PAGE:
REVIEW: House of Darkness (2022)

dir. Neil LaBute

After driving a woman (Kate Bosworth) back to her secluded countryside mansion in the hopes of getting lucky, Hap (Justin Long) soon realises his night is about to turn sour when the mysterious (and cleverly named) Mina soon becomes more than just the manic pixie dream girl he initially expected. As he finds himself in an increasingly uncomfortable situation, Hap must decide whether it would be wiser to follow his head… or his pants, despite the detriment to his survival. 

Directed by Neil LaBute (In The Company of Men; Your Friends & Neighbours) House of Darkness is a beautifully gothic chamber piece, richly interwoven with the DNA of literary classics and the Hammer Horror movies of the 1960s and 70s. Long is slimeball, dude-bro perfection, initially thinking he is in control until he finds himself – Jonathan Harker-style – in the clutches of the three brides of Dracula. Thankfully Hap is not entirely unbearable thanks to Long’s performance, cleverly disguising his misogyny beneath a guise of awkward shyness, at least initially.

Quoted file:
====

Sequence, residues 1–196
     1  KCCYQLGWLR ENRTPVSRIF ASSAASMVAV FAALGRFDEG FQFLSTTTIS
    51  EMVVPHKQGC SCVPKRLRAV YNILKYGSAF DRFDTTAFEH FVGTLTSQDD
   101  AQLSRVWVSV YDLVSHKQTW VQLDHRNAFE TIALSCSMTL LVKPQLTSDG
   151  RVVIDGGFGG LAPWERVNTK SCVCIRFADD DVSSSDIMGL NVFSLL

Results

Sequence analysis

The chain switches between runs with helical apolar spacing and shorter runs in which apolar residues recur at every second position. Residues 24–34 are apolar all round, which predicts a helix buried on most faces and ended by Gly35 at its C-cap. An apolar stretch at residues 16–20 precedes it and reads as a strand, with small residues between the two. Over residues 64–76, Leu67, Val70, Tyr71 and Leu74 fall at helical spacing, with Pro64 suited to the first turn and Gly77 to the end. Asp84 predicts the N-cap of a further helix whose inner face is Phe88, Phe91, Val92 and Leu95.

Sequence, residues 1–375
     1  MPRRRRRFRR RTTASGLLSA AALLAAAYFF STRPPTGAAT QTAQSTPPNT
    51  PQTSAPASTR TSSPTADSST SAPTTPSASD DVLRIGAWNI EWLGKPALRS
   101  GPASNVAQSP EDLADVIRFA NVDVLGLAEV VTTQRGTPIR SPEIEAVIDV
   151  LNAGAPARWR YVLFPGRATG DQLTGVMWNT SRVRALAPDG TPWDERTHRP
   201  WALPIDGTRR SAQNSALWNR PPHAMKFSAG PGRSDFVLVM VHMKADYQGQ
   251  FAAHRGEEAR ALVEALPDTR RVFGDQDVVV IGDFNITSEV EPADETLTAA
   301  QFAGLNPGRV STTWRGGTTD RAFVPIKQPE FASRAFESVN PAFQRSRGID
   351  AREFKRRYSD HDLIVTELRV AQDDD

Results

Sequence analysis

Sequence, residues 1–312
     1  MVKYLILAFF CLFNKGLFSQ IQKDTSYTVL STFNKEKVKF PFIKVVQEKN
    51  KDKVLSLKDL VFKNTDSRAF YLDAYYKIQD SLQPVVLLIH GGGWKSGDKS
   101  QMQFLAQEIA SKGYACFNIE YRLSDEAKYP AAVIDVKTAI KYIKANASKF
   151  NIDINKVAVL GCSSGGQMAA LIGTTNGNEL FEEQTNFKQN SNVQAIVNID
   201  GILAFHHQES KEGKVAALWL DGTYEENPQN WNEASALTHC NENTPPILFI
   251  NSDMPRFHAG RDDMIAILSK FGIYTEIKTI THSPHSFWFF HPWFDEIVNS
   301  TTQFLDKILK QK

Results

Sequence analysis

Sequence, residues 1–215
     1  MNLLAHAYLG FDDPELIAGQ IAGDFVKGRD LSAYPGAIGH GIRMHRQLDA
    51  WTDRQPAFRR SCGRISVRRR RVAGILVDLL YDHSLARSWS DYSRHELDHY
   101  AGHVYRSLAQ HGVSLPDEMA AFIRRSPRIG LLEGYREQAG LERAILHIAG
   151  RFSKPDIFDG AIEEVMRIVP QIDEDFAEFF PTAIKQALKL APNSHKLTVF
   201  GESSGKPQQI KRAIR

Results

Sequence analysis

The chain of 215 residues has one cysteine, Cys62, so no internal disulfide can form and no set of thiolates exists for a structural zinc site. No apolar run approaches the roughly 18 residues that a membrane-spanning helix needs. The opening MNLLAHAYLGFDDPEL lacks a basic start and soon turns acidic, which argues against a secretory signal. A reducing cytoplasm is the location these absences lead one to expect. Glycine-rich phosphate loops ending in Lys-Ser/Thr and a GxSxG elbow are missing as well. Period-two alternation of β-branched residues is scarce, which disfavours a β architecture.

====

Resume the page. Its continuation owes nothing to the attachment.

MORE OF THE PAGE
With expertly created mise-en-scène DP Daniel Katz shoots the shadows to symbolise the darker traits of humans, whilst the set is gorgeously dressed with candelabras, draped fabrics and ornate furnishings reminiscent of theatre productions. Despite the film being dialogue heavy, this setting and the witty script keep both the tension and rhythm of delivery at an exciting pace, gripping even the most attention challenged viewer. 

A provocative exploration of hidden intentions – set against gloriously gothic trappings – House of Darkness is a worthy addition to the current trend of socially awkward, polite horror.

© Ygraine Hackett-Cantabrana


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